In Accenture’s model, Mumford says compliance and ethics is embedded within the legal department, which then spreads the message of compliance throughout the company’s infrastructure. Many compliance team members are lawyers who drive compliance functions related to their area of expertise, as well as the specific issues associated with the region in which they work.
Daugherty agrees that it’s important to position specialists in compliance roles, particularly when dealing with global issues such as FCPA.
“Common sense is not an adequate guide to compliance,” he says. “You really need training, and there needs to be an ongoing system for monitoring and correcting small problems before they become large problems.”
Although a structure that intertwines ethics and compliance with legal has served Accenture well, Mumford says every company needs to find the structure that works best for its particular needs. “My question would be, has the organization constructed a structure for success that allows the global messages to be embedded into local vehicles and customized for the local audience?” he says. “If they’ve done that, they’ve done a very important thing.”
Whether a company’s head of compliance has a J.D. or an MBA, compliance should be integrated into corporate culture from the ground up.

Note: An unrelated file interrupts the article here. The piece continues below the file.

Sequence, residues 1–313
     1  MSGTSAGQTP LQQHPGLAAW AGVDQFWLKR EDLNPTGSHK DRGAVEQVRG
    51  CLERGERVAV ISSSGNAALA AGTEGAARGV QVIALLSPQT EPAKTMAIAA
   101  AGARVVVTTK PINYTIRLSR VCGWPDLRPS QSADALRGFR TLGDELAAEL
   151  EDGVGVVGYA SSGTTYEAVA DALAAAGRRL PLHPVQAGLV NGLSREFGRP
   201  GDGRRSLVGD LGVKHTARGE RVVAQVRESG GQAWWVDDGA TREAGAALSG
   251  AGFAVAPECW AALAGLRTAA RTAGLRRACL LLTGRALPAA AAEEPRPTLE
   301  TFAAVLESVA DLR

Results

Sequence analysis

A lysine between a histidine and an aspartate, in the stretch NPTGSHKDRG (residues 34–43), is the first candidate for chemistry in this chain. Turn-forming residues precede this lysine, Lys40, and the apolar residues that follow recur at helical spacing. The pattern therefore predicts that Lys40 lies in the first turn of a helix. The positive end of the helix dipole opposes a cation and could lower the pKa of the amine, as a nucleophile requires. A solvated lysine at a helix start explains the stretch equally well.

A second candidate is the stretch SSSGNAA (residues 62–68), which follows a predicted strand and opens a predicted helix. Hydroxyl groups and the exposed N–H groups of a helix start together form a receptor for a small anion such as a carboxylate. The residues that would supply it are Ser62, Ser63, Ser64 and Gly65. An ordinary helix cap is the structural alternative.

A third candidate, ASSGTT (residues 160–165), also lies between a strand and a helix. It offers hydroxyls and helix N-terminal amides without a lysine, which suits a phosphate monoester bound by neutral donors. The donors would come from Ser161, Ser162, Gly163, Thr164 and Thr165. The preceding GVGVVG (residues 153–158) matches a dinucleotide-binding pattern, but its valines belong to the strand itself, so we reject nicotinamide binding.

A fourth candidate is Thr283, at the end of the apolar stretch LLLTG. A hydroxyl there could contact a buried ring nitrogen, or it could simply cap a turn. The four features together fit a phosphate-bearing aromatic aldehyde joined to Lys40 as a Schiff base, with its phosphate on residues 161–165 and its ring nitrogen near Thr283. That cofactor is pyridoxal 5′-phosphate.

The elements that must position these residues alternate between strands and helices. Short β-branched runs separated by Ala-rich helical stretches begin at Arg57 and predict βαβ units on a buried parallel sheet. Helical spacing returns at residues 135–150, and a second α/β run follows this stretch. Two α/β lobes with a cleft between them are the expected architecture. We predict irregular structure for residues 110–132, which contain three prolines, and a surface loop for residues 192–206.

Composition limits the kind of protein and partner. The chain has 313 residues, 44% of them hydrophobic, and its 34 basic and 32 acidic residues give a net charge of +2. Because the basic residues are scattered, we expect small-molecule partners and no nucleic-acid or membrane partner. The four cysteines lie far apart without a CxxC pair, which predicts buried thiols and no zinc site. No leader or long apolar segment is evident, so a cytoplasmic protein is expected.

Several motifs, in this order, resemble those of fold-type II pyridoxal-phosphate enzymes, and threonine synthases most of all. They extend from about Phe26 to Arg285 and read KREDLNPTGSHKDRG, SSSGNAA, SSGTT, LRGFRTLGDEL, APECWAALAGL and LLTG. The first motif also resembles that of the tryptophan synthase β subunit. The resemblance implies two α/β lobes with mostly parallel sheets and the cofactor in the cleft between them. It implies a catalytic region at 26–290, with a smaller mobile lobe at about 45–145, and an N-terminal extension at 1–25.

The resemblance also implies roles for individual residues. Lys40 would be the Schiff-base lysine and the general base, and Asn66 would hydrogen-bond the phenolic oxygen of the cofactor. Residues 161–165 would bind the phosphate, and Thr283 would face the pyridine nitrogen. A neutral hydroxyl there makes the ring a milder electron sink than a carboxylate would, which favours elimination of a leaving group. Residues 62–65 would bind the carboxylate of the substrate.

Mitchell says compliance programs can learn a lot from how quality control departments have evolved over the past few years. Initially, quality control involved catching problems in the finished product. The second phase built quality checks by a manager into the assembly line. In the final phase, each person running a machine held responsibility for ensuring quality.
“The idea that really resonates for me is that every employee is part of the compliance staff,” Mitchell says.
Kuper strengthened AGCO’s compliance program by creating a top-to-bottom system composed of both lawyers and non-lawyers. Under her supervision, regional ethics and compliance officers, who are attorneys, evaluate risk. Non-lawyers in local, onsite compliance roles do more administrative tasks, such as running names on terror watch lists. When a red flag goes up, they send the information to the regional level for assessment.
She says she sees her role like that of an orchestra’s conductor, making sure all of the pieces work together. “People are really open and teachable,” she says. “They will pick up [responsibility] and run with it.”
Mumford says the key to successful compliance is embedding the function into every employee. He suggests that scandal-plagued companies often tacked on compliance programs–sometimes very thorough- looking from the outside–without altering the basic company culture.
“The legal team needs to take ownership,” he says. “Building in compliance instead of bolting it on is much more effective in getting rules followed.”
Ultimately successful compliance depends on how well the program is implemented, regardless of who takes the reins.
“Ethics and compliance can be successful as part of legal. It can be successful outside of legal. It really depends on the organizational culture that you’re looking at,” Mumford says. “You cannot succeed in spite of people. You can only succeed in tandem with people.”